International Vulture Awareness Day – 5 September 2020
Zimbabwe would like to join the rest of the world in commemorating the International Vulture Awareness Day which is meant to enhanced education and awareness about the plight of the vultures and efforts being put to conserve the birds. Zimbabwe has a rich history in the conservation of wildlife and takes pride in a culture that values biodiversity that includes animals, fish, plants and birds. Zimbabwe has over 670 bird species within varied habitats from Zambezi Valley to the Eastern Highlands and world acclaimed Important Bird Areas (IBAs) in Kazuma and Chizarira National Parks, Monavale Vlei and Driefontein Grasslands and other areas. There are 23 vulture species in the world, 11 in Africa and 6 in Zimbabwe, namely, the White-backed, Lappet-faced, Palm-nut, Cape Griffon, Hooded vultures. The other two, the Egyptian and Ruppell’s Griffon vultures are vagrants.
Whilst most bird populations are stable, vultures are under threat from poisoning and killing for medicinal purposes. Vultures (Magora/ Amanqe) as a family are one of the most endangered on the African continent and yet one cannot imagine Africa’s skies without these iconic birds. These avian scavengers are nature’s clean-up crew and in their absence proliferation of disease like anthrax, rabies and decaying carcasses are the order of the day. By removing carcasses rapidly and efficiently, vultures cleanse the environment and help protect humans, livestock and wildlife from infectious diseases. They clean our landscapes like no other – nature’s most successful scavengers and they do all this for free. By halting the spread of disease, they are worth much more to society in saved health service costs, not to mention contributing significant revenue to the tourism sector as well. Vultures face a myriad of threats including unintentional and intentional poisoning, harvesting for belief-based use, reduced food availability and a shrinking habitat. However, not many people are aware of their predicament. Over the last 30 years, populations of seven African vulture species have fallen by 80-97%, such declines cannot be taken lightly. In the 90s the Asian sub-continent lost significant sizes of its vulture populations. This caused feral dog populations to explode and in turn, rabies became a widespread problem. Surely as a nation and as a region, we can draw important lessons from such a situation. There is still a window of opportunity to save African vultures from totally disappearing. These birds are our common heritage, an inheritance that should be enjoyed by all generation of Zimbabweans and the world.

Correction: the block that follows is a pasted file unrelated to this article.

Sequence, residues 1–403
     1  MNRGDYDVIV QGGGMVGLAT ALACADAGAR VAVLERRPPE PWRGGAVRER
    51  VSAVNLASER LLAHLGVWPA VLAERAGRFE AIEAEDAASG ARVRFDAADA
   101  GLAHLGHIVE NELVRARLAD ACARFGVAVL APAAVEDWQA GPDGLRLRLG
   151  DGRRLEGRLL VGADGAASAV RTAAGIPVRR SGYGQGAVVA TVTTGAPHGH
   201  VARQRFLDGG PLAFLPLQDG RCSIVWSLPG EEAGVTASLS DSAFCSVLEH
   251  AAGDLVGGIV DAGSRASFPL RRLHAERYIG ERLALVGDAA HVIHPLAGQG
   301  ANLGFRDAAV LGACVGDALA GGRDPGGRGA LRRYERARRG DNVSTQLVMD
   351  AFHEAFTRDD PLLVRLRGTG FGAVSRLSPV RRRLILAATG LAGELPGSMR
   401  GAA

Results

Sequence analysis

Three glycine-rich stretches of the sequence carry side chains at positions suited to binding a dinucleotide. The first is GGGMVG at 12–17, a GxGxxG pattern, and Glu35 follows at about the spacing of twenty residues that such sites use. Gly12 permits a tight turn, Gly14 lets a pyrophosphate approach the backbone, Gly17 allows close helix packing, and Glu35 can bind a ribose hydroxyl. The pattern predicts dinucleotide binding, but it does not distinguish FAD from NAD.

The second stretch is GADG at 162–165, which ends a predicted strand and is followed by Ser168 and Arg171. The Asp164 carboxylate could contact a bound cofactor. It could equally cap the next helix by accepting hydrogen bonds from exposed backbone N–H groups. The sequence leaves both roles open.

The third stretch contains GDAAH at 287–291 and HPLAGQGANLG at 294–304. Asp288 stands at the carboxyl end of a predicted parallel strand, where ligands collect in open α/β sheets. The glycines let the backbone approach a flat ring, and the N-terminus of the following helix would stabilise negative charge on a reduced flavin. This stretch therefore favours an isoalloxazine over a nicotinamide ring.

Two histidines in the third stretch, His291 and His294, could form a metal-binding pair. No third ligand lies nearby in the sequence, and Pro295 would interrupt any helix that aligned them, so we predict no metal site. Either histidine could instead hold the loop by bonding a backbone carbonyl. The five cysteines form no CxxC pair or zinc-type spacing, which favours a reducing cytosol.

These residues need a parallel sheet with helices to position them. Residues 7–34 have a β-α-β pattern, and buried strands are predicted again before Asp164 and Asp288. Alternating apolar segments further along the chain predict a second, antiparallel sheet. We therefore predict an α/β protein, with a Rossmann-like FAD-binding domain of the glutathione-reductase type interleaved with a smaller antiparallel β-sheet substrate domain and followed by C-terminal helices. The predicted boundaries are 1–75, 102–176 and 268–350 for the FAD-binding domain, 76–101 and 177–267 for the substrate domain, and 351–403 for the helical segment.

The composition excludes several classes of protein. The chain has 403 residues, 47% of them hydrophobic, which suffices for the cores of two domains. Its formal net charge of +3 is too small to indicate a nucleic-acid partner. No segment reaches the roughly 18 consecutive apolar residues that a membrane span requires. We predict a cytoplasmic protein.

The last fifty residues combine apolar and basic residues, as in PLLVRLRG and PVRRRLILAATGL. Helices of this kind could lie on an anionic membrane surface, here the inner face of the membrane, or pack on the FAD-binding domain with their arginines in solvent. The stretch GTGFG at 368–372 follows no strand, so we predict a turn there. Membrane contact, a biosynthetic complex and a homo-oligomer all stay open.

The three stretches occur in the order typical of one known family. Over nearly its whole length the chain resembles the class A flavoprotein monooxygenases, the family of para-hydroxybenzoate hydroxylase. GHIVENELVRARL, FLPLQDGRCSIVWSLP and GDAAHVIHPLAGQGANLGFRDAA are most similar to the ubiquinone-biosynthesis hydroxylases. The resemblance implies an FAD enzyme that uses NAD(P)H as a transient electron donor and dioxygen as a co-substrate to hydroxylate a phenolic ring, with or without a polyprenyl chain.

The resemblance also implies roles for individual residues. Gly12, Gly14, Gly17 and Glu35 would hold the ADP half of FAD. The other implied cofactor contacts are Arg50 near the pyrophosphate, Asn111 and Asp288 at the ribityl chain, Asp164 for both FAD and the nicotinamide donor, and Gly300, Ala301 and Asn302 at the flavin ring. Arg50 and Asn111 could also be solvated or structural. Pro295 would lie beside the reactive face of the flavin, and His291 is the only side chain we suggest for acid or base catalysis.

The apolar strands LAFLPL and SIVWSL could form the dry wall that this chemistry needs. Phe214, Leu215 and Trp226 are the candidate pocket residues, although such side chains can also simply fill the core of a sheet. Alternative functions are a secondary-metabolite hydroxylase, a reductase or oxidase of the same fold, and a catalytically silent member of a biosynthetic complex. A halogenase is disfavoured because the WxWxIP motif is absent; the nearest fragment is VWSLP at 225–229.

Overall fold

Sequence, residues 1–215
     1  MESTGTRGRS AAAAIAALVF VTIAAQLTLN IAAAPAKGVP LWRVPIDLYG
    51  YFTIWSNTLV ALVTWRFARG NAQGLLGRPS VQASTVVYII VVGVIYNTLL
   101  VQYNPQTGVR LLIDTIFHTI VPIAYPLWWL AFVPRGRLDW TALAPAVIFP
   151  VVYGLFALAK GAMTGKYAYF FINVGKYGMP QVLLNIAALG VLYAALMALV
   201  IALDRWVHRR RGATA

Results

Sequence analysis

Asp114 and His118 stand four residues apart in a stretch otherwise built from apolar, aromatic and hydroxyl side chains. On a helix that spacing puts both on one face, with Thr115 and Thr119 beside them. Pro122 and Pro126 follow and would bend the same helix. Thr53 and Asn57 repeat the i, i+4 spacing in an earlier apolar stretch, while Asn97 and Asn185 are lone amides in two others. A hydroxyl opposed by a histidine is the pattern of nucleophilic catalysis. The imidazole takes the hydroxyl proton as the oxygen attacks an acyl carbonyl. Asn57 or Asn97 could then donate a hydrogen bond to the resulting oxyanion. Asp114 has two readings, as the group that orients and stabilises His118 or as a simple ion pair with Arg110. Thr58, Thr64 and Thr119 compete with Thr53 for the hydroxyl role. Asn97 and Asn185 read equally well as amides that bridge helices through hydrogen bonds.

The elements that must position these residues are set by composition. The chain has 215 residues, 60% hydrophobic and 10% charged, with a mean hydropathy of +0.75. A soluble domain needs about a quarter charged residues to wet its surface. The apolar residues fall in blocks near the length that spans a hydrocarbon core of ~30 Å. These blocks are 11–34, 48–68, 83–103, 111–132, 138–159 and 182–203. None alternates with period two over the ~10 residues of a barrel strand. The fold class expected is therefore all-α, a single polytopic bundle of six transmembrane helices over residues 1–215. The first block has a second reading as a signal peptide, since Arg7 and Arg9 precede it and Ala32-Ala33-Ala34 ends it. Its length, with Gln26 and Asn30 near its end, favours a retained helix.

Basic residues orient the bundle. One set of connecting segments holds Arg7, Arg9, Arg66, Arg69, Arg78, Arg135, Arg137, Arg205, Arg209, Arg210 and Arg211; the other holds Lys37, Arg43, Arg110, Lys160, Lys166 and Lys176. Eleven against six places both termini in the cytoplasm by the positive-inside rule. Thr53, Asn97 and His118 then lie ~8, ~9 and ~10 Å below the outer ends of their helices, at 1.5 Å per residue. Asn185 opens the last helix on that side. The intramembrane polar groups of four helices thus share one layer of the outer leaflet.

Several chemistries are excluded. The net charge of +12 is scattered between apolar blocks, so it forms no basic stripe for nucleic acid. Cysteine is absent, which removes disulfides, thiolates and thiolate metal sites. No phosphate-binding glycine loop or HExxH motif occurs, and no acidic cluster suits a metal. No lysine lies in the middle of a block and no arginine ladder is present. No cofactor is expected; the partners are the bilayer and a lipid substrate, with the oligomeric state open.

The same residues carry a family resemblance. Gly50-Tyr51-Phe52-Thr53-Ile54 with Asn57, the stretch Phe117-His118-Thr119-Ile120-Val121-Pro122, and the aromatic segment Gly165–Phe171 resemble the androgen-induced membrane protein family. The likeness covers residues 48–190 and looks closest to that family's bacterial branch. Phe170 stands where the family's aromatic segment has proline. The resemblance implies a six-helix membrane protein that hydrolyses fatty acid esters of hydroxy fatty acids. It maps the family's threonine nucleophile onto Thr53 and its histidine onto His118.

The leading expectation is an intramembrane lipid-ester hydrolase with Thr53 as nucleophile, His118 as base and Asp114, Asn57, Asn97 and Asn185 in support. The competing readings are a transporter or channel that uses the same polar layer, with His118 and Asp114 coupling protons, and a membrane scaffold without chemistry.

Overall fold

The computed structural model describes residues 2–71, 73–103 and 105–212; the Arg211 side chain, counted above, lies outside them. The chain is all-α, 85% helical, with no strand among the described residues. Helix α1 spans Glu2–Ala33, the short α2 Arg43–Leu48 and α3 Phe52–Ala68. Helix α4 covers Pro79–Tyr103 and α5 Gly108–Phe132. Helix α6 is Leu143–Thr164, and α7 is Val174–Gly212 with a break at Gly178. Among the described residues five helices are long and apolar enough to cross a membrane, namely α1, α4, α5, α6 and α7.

In Zimbabwe, all vulture species are protected under the Parks and Wildlife Act Chapter 20:14 as Specially Protected Species. They are also listed in Appendix 1 of the Convention on Migratory Species, thus vultures are recognized at the international level and they deserve to be protected. Zimbabwe has a Vulture Action Plan that was approved in 2019 and is one of the few countries in Africa’s that has accorded this special protection to vultures and this affirms the Government’s commitment to protecting these birds that are viewed with scepticism by many sections of society.
Zimbabwe through the Zimbabwe Parks and Wildlife Management Authority is committed to the conservation of all vulture species. Let us all come together to mobilize resources for the conservation of the vulture species in Zimbabwe, Africa and the whole world.